We keep back our own heifers and raise them up. It may take awhile to get them producing, but we know the genetics behind them.
 

dun

Well-known member
Joined
Dec 28, 2003
Messages
47,334
Reaction score
2
Location
MO Ozarks
I luv herfrds":2rv89sse said:
We keep back our own heifers and raise them up. It may take awhile to get them producing, but we know the genetics behind them.
We buy a few but mostly we keep our own. We know the geentics , in most cases from multiple generations. Seems that fewer that we keep are long term duds then the ones we buy. If that raised heifer stays in the herd another couple of years from the bought ones it seems that you are money ahead in the long run
 

Horseless

Well-known member
Joined
Apr 28, 2007
Messages
61
Reaction score
0
Location
Northern MT
Keeping your own heifers, that you know the background on, is "Priceless". I have done it both ways and keeping my own is without a doubt the best. Filling the trucks in the fall, when you got a good price, is so tempting to put every calf on them. Sure there are cases where you can pick the cream of the crop of someones herd, but not very often. Most often around here, people pick out their best heifers, keep them, and sell the rest to others as replacements. I have fallen for all the sales talk, "Fancy- Have had all shots- Straight from their AI program" Do your research before sale day. Replacements are expensive anyway you look at it. But like someone said earlier, if you can keep them in your herd longer, you are money ahead.
 

Brute 23

Brute 23
CT Supporter
Joined
Apr 19, 2007
Messages
9,336
Reaction score
790
Location
Gulf Coast of South Texas
We have a place dedicated to only calves. All the calves come in from the different places and are put there until they are ready to be sold. Alot make it to a year or better so it doesn't seem like much to keep a few heifers a couple more months until they can be dispersed back to the places to be bred. As a bonus our "calf pasture" is in a well traveled area close to town so we have people who call wanting to buy heifers, even a few bulls off the top.

As with every thing in the cattle business it depends on your situation on if it is "worth" it or not. Are you leasing land for this? buying land? or is the land paid for? Those are big factors that can cut into it.

My personal opinion is its best to have a balance of retained heifers and bought heifers. If you say need 20 heifers this year, and you have 9 GREAT heifers and 3 decent heifers, keep the 9 and buy 11 other GREAT heifers. Alot of people retain CRAP and it eats them up a few years down the road.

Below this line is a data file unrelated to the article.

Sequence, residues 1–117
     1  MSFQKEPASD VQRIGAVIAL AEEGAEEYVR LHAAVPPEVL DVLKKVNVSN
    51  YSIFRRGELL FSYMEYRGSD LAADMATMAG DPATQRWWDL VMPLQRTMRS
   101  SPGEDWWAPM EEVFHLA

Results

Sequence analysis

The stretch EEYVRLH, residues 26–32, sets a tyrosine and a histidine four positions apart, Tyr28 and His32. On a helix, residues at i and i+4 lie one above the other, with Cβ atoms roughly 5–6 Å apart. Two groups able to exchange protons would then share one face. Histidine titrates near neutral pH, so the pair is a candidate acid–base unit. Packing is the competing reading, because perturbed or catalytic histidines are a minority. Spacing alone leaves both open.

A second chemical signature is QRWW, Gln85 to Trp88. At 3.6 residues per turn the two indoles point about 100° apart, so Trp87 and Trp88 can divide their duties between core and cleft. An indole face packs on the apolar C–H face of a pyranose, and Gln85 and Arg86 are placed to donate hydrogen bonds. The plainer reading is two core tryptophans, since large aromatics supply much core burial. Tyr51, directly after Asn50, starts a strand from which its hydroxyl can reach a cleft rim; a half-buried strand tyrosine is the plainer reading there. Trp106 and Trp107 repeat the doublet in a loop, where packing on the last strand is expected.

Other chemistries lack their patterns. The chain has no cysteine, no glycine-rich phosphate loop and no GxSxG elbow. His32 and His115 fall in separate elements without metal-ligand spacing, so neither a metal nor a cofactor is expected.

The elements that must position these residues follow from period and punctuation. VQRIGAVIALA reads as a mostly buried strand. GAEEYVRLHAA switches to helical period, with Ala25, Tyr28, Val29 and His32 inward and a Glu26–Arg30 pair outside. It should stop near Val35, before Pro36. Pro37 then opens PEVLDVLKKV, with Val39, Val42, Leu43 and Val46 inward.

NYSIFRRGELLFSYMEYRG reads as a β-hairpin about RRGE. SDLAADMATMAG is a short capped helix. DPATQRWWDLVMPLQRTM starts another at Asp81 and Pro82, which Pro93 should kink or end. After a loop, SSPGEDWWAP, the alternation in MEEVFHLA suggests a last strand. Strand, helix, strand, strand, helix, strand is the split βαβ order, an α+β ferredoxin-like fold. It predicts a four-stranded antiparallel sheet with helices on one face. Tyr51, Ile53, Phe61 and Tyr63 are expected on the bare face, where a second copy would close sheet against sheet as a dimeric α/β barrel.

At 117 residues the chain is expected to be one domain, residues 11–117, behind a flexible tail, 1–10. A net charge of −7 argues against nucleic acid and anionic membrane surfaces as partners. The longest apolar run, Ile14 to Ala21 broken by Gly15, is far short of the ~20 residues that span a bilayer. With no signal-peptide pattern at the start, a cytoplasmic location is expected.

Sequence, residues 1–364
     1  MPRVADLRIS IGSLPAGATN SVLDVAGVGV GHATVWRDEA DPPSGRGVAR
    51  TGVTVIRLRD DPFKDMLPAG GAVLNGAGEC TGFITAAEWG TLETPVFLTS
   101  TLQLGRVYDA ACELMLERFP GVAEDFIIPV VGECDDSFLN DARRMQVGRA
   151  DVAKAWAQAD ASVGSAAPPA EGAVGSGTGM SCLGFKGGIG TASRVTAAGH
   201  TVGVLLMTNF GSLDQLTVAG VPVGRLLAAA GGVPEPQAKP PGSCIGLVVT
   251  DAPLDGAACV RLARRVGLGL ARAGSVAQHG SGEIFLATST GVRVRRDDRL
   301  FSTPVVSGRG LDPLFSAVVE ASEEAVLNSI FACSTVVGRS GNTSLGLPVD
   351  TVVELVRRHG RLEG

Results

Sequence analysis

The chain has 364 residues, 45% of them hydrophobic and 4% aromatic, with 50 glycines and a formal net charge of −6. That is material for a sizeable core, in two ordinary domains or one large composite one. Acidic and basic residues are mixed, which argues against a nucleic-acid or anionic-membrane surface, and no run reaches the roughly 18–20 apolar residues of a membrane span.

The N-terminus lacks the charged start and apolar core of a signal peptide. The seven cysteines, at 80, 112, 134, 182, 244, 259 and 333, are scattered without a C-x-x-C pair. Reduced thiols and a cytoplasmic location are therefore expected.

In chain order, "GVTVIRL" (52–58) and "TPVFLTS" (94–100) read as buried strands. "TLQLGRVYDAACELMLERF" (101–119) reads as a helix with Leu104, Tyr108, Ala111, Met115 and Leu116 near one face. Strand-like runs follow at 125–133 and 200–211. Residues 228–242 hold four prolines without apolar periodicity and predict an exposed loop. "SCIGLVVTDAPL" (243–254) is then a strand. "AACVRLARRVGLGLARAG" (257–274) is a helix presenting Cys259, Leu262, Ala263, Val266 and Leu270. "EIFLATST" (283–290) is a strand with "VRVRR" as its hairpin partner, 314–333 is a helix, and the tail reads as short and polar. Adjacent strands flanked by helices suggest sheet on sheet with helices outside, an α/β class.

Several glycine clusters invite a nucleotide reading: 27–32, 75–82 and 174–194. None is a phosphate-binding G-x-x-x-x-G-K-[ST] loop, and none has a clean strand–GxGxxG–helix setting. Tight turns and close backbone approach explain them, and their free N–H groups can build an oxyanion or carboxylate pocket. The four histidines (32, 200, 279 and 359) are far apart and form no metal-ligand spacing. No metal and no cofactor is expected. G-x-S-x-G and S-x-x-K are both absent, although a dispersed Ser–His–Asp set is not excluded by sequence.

mnmtranching

Well-known member
Joined
Apr 29, 2006
Messages
5,061
Reaction score
0
Location
MN
When you work out a system of saving your own replacements, about the same number every year. Then you will be calving heifers every year and it won't seem like you are waiting 2-3 years to get a return. You can buy tame well cared for heifers. But, odds are the ones you raise up from calves will be the easier keepers.
 

VanC

Well-known member
Joined
Feb 7, 2006
Messages
5,174
Reaction score
0
Location
East Central Illinois
Brute 23":1vwivbso said:
As with every thing in the cattle business it depends on your situation on if it is "worth" it or not.

Exactly. There are so many variables that change from producer to producer. Everyone needs to look at their own situation and go from there. Anyone who makes the blanket statement that one is better than the other in every instance shouldn't be taken seriously.
 

Angus Cowman

Well-known member
Joined
Oct 12, 2008
Messages
7,157
Reaction score
0
Location
the Great State of Mental Distress ( Florida)
I buy heavy hfrs or hfr pairs and yes I do cull a few after the 2nd calf but I cull hard and in my experience if I keep 40 hfrs at weaning usually by breeding or by the time I wean the first calf I have only about 20-25 that make the cut so I have spent 2 yrs feeding a hfr that all that feed could go into a cow that is producing
They way you have to figure your expense on raising that hfr is to figure how much labor goes into getting that first calf on the ground
I have figured it several different ways and it cost me about $100 more to buy good hfr pairs than to raise them and if I don't keep hfrs I can run more cows on the ground that the hfrs were using
and if I can't make that $100 up on 2 calf crops out of a cow whle I would be waiting on that hfr than I don't need to be in this business
 

KNERSIE

Well-known member
Joined
Jul 16, 2006
Messages
7,058
Reaction score
1
Location
3rd World
I retain my own heifers. The way I raise mine will probably raise a few eyebrows as my yearling weights will in most cases sound very uncompetitive, but they are raised on whatever is available to eat in the veld without supplement. Heifers that survive this culling method never disappoints in the ease of keeping and from the first calving onwards will only be culled on their ability to raise a calf and breed back under the same circumstances.

I've decided last year to close my registered cowherd and not to buy any more females in, but a good friend who was in a bad drought offered me a few good ones in very sorry condition for a good price that I just couldn't pass on.